Senate Appropriators Receive FY 2009 NSF Testimony

Share This

Publication date: 
20 March 2008

The National Science Foundation (NSF) and National Oceanic and Atmospheric   Administration (NOAA) hearing before the Senate Commerce, Justice, Science, and   Related Agencies Subcommittee scheduled for March 13 was cancelled. Sources in   the subcommittee’s office indicated that that day’s heavy voting schedule was   the impetus to cancel the event. At present there is no intention to reschedule   the hearing. Instead, National Science Foundation Director Arden Bement’s written testimony, which is virtually identical   to previous written testimony submitted to the House Research and Science   Education Subcommittee, was entered for the record.

Bement’s submitted testimony tied NSF funding to economic health and   presented President Bush’s fiscal year 2009 request for $6.85 billion as a   bulwark against Chinese ambitions. Citing a 2006 Organization for Economic   Co-Operation and Development study, Bement cautioned that China has become the   second-highest investor in R&D. While the United States has actually halved   the percentage of its GDP for physical sciences and engineering research since   1970, China has more than doubled theirs since 1995.

Bement's written testimony continues by emphasizing the great advances   in science NSF funding has contributed towards. Although NSF only represents   four percent of the total budget for R&D, it has underwritten work that has   led to the development of the MRI, flat panel and cell phone displays, and   helped nearly 200 Nobel Prize-winning scientists at some point in their   careers.

When Bement testified before the House Research and Science Education   Subcommittee hearing on February 26, he noted a few of NSF’s key initiatives.   Included were programs to solve an anticipated impediment to Moore‘s Law,   enhance Adaptive Systems Technology, and boost Dynamics of Water Processes in   the Environment studies. Requested funding levels for these programs are $20   million, $15 million, and $10 million respectively.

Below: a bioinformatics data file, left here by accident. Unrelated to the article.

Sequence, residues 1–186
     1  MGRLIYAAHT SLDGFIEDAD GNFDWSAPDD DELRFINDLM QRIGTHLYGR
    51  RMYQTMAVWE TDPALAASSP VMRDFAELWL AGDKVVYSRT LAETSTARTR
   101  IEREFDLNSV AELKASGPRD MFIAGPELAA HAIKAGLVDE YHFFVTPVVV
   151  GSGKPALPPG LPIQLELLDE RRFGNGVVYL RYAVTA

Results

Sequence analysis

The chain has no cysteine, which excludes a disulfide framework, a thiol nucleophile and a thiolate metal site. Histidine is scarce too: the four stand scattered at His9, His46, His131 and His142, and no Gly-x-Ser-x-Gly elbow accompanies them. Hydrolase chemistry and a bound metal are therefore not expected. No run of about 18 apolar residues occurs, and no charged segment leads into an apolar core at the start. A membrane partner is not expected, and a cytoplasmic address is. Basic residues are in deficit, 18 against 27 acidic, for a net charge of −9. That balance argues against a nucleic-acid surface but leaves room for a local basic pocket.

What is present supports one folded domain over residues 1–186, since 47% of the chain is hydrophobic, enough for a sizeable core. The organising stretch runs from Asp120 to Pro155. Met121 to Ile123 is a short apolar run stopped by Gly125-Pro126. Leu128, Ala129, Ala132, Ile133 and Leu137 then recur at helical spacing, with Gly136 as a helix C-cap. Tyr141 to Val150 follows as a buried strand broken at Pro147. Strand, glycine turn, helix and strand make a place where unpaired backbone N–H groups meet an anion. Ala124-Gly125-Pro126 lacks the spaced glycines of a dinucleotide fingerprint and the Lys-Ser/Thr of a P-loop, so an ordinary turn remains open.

Bement concluded by summarizing the importance of diversifying the U.S.   skilled workforce, a point that was questioned by chairman Brian Baird (D-WA)   who said, “I noted with some concern… a proposal to reduced funding for   ADVANCE.” Baird explained that he and others felt that ADVANCE was an important   program to retain women in the sciences. Bement responded that although the   funding was lower there would be some spending flexibility in FY 2009,   emphasizing, “… we are very committed to the program.”

According to subcommittee ranking member Vern Ehlers (R-MI), “An   essential element of NSF’s mission is support for science and engineering   education. I would appreciate if you could explain why your… FY 2009 budget does   not include funding for many of the STEM education activities authorized in the   COMPETES Act.” Bement countered that a tight budget in combination with a   “show me” philosophy to increase funding meant that funding increases were not   possible until some metrics were available, but that he was confident that in   coming years STEM education activities could reach authorization levels.

Ehlers transitioned to a discussion on the lack of uniform standards for   science in schools, a problem he hopes to end with legislation he has   introduced, H.R. 325, with Senator Chris Dodd (D-CT) offering an identical bill   in the Senate. The Standards to Provide Educational Achievement for Kids (SPEAK)   Act, would create voluntary math and science standards for K-12 students, with   an incentive for states to join.

Ultimately, Bement’s testimony and responses to questions were well received   by the subcommittee. Member’s priorities seem to be finding a way to get NSF   back on the COMPETES doubling track. Currently there are no further committee   hearings scheduled to discuss NSF’s FY 2009   budget.